Music is a personal thing; what means a lot to one person can mean nothing to another; as a listener you bring to a piece of music all your own knowledge and associations. There are two parts to music: ‘art’ and ‘entertainment’ – and the more common knowledge and associations they contain, the more they become entertainment and the less they become art. Communication is at the basis of music… with successful classical music it is following particular rules based on a broad and longstanding cultural agreement to achieve communication of emotions, impressions etc. In pop/rock type music, this is entirely entertainment, showbiz, music biz, whatever and has no actual value beyond what associations you bring to it as a listener. It presses buttons, and you respond. The more general it is, i.e. the less it has to say, the more successful it is. I’m not knocking it, by the way, I like a huge amount of music! – it just is what it is. The kind of music we do, and the kind of music we are bracketed in with, is trying to communicate something very personal, with no associations for the listeners; or very few. It is successful if we feel it is successful, not if others ‘like’ it, and that necessarily makes it difficult to listen to… we are not being deliberately obscure or obtuse if we create something with ‘wrong’ notes or buried lyrics or jarring instrumentation – it’s something we could easily change, after all, which would make it more successful for others… but less successful for us. But it has it’s own logic, and if you listen to it properly, then it will do what it is supposed to. Western ears, for instance, became unattuned to quartertone type music – Indian, Japanese, Chinese, Greek, Turkish, Arabic – the rest of the world, in fact – due to the prevalence of the Classical and later Pop traditions – but it doesn’t sound too alien these days…
I suppose the most extreme reactions really have been with Temple Music – mostly because that’s the majority of the live shows I’ve played, and record review stuff isn’t usually extreme. We had one show where a woman ran out screaming; the rest of the audience were mesmerized and the organisers tried – and failed – to turn us off (they’d foolishly let us set up the sound ourselves)… at another I thought we were going to die as it was full of scaffolders; the bar staff insisted that the plug was pulled or they would walk out, and afterwards some of the scaffolders came up and said it was the best thing they’d seen since Tangerine Dream… actually there are plenty of TM stories like that, though we’ve calmed down a bit these days…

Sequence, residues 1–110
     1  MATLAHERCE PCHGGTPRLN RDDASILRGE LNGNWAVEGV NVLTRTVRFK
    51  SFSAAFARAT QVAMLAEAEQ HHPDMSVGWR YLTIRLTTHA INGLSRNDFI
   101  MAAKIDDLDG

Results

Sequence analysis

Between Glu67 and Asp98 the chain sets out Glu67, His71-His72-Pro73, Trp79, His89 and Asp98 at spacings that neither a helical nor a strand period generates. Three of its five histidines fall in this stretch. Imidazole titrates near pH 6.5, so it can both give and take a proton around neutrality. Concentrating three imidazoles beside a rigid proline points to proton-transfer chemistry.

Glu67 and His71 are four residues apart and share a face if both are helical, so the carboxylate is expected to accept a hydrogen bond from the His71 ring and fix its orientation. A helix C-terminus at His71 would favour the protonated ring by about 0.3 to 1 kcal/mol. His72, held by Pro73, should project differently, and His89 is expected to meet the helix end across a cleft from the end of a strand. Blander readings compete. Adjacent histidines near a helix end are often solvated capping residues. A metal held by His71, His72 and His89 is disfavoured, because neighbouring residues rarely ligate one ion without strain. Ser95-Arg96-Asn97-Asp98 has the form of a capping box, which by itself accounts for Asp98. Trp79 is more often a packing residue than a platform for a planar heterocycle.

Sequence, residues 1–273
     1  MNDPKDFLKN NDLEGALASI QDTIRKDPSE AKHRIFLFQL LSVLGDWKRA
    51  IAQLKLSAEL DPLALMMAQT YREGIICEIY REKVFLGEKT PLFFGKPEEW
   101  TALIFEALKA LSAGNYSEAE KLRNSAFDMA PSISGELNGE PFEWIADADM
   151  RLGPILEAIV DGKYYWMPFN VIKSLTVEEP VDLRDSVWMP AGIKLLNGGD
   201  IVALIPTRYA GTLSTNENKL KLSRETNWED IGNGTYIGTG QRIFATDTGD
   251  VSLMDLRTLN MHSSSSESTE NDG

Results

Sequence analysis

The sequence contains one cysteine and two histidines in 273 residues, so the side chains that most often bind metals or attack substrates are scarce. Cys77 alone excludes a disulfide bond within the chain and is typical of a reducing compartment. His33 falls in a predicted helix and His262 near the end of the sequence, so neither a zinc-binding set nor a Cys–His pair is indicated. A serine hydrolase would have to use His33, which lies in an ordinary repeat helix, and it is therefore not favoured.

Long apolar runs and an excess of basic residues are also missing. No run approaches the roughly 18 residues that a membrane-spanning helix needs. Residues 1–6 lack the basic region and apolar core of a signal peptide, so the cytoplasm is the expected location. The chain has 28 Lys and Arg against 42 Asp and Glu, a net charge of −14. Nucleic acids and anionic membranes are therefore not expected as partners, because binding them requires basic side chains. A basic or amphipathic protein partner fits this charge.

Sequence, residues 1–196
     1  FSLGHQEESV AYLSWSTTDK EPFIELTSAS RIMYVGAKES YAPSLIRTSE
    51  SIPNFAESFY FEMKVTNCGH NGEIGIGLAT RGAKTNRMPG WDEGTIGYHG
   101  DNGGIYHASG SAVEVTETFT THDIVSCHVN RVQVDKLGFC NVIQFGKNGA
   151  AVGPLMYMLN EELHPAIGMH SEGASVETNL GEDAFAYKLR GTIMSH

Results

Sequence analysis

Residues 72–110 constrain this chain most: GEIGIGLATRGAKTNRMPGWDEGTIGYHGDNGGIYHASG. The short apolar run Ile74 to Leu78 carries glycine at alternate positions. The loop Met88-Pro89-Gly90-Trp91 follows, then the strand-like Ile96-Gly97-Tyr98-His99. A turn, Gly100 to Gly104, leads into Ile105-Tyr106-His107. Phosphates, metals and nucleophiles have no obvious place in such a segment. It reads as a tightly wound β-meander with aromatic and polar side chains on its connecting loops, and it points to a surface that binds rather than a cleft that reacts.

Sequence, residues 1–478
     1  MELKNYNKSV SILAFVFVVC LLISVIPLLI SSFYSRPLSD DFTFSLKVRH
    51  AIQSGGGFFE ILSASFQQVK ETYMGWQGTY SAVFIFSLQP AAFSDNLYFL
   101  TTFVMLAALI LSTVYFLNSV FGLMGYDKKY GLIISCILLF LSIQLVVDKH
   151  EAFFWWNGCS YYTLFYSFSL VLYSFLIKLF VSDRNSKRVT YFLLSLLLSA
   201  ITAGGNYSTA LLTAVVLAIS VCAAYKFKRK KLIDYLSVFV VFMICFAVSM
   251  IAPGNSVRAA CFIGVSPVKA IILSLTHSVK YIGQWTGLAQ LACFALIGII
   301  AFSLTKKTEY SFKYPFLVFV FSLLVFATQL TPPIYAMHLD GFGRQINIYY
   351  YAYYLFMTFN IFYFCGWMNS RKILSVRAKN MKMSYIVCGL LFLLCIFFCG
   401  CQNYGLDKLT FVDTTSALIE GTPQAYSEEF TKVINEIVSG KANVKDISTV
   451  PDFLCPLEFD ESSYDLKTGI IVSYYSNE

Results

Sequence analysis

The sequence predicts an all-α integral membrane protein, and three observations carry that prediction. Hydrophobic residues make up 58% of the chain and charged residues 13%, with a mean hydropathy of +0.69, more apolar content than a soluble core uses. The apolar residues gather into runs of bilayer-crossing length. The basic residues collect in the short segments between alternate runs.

How did you and Martyn meet, and which were the ideas that resulted in the new group 12000 Days?
Eyeless In Gaza got in contact with World Serpent about distribution of the ‘Streets I Ran’ ep, and Martyn and I hit it off… as you said, he originally hated Orchis (I’d given him a copy of The Dancing Sun), but once it had wormed it’s way inside him with it’s peculiar charm he suggested singing on some Orchis stuff … I think it might have been the song ‘Burning Incense’ – but that was certainly one of the first we recorded – anyway, he agreed, but when Tracy heard us rehearsing it she said it had completely its’ own character, and that we should do something different to Orchis… so it is really down to her. Martyn and I agree on why a great deal of modern ’folk’ music is shit, but he is far more steeped in it than me, so he is more interested in re-interpreting the canon than I am… but other than that, we are complementary. With Twelve Thousand Days we are trying to express the extreme antiquity of the Land… the Heart of the Land… in a very English way… for our own benefit, really…
When listening to 12000 Days and comparing your approach to that of what Martyn and Mick Harris did on the “Murder Ballads”-trilogy would you say that there are more similarities than differences and that both projects strive(d) to find an original idiom for an old form?
Well, Murder Ballads had a very distinct intention, and with Mick, a very distinct sound, whereas with Martyn and I we’re never quite sure what is going to happen; the surprising thing to me is that whatever we do we sound very distinctive… but yes, I would think that is in general true… we don’t set out to reinterpret folk songs as such, more folk ideas, I think, whereas Mick and Martyn are laying bare the intent of the songs… so, I think that there are more differences than similarities, but we are both certainly trying to find a new way of expressing old forms…
You mentioned that in 12000 Days it is clear that Martyn normally does the vocals. Could you imagine you doing the majority of the singing or would that then morph into something completely different?